Metropolitan Opera general manager Peter Gelb said on Saturday that the company is launching new strategies to combat its lagging ticket sales, including convening a series of focus groups, hiring box office consultants and expanding its on-demand video streaming services.
In a 45-minute talk and Q&A at the Opera America conference in Montreal, Gelb acknowledged that high ticket prices are a barrier to luring newcomers to Met, but he stressed that audiences have to be interested in the artistic product in the first place.
“When we have a hot ticket, it doesn’t matter what the price is,” said Gelb. He cited a recital this season by Anna Netrebko, in which the company sold 114% of capacity. “On the other hand, as [famed impresario] Sol Hurok said, ‘if the people don’t want to come, you can’t stop them.’”
Gelb’s talk – which was peppered with good-natured barbs about high-maintenance divas (and a few shots at music critics) – was streamed on the Opera America website. It came after a season in which the Met took in only 66% of its potential box office revenue. In recent interviews, and again on Saturday, Gelb said that the company is attracting new audiences but not replacing departing ones fast enough.
Gelb said on Saturday that the Met will convene focus groups in the coming weeks with both current and potential Met patrons; the results will help the company devise new loyalty programs. He also cited efforts to increase education and outreach programs, though offered no details. And plans to renovate and expand the Met lobby are continuing, and will include a large terrace cafe and “a friendlier visitors center” to replace the current box office.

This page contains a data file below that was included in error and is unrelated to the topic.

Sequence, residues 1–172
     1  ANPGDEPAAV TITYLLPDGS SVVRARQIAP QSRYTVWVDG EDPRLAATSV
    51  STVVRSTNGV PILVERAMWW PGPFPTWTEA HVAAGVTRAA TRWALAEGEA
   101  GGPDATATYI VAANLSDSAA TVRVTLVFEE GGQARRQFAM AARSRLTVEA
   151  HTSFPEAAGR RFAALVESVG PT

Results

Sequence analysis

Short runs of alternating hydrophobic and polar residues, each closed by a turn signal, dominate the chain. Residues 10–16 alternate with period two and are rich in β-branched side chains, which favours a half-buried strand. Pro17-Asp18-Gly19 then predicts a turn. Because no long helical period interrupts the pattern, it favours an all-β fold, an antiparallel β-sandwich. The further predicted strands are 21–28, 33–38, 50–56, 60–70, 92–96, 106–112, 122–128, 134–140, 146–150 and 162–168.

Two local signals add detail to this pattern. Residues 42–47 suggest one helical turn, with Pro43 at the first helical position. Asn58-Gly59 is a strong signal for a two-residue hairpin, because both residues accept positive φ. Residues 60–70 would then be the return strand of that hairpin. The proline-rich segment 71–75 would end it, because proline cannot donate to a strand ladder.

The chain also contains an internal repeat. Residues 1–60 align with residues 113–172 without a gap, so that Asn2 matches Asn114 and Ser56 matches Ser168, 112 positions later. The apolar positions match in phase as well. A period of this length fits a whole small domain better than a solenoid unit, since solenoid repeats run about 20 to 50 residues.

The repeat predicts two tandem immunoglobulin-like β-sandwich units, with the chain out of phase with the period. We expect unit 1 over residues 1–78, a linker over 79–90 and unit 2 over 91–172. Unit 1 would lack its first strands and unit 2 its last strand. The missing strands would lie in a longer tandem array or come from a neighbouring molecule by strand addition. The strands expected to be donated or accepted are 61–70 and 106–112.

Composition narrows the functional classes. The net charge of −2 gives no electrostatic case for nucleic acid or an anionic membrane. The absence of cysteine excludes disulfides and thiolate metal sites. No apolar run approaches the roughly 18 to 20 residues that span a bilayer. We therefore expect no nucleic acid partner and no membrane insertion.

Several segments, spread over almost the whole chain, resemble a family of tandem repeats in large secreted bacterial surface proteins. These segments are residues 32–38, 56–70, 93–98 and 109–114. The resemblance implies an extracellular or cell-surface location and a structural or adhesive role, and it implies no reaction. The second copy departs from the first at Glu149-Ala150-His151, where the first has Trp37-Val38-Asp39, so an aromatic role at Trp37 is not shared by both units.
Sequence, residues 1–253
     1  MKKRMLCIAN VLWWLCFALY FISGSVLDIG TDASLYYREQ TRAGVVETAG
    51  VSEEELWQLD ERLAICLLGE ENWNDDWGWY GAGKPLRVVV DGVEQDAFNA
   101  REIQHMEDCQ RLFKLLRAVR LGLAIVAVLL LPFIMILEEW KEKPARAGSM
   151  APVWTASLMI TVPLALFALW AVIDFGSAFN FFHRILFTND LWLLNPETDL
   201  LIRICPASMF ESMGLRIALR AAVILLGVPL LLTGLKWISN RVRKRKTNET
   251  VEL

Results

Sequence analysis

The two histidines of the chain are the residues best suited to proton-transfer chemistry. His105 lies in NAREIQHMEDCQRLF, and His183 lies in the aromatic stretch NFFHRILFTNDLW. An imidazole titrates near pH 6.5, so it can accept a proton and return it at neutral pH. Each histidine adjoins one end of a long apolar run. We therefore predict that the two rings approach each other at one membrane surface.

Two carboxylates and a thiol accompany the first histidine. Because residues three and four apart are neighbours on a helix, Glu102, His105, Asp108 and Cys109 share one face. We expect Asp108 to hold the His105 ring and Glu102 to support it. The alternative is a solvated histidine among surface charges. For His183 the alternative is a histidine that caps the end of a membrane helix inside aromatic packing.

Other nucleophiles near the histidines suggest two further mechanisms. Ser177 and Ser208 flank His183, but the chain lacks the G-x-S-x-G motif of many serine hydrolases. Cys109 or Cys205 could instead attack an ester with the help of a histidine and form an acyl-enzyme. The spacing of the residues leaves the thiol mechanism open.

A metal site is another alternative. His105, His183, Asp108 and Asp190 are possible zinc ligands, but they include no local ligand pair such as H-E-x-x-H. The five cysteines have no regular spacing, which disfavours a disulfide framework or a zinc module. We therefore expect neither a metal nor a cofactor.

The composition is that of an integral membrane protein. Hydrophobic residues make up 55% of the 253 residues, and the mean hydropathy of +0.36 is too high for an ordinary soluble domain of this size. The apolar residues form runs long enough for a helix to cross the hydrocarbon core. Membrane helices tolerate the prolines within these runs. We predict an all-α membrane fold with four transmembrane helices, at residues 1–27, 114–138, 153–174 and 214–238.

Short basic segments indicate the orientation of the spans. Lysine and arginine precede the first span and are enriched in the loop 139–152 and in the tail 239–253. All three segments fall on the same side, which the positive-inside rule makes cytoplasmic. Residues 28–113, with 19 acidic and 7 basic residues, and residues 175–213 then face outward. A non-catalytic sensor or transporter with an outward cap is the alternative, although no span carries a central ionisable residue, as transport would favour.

Gelb also used the speech to outline what he sees as opera’s fundamental challenge: implementing change in a field steeped in traditions. He recalled the backlash after the old Franco Zeffirelli production of Puccini’s Tosca was replaced in 2009 with a gritty, modernist staging, calling it a “learning experience.” And while he’d like to replace aging Zeffirelli productions of Turandot and La Boheme, to do so would be “suicide.”
“It’s hard for an established, older audience to accept change,” said Gelb. “But without change, opera becomes fossilized.”
“One of the problems that opera companies are suffering from today is a certain amount of benign neglect that we saw 20, 30 years ago,” Gelb continued in the Q&A. “Some companies were on auto-pilot. If we had anticipated 40 years ago that there would be no education for the arts in America, maybe some would have done things differently.”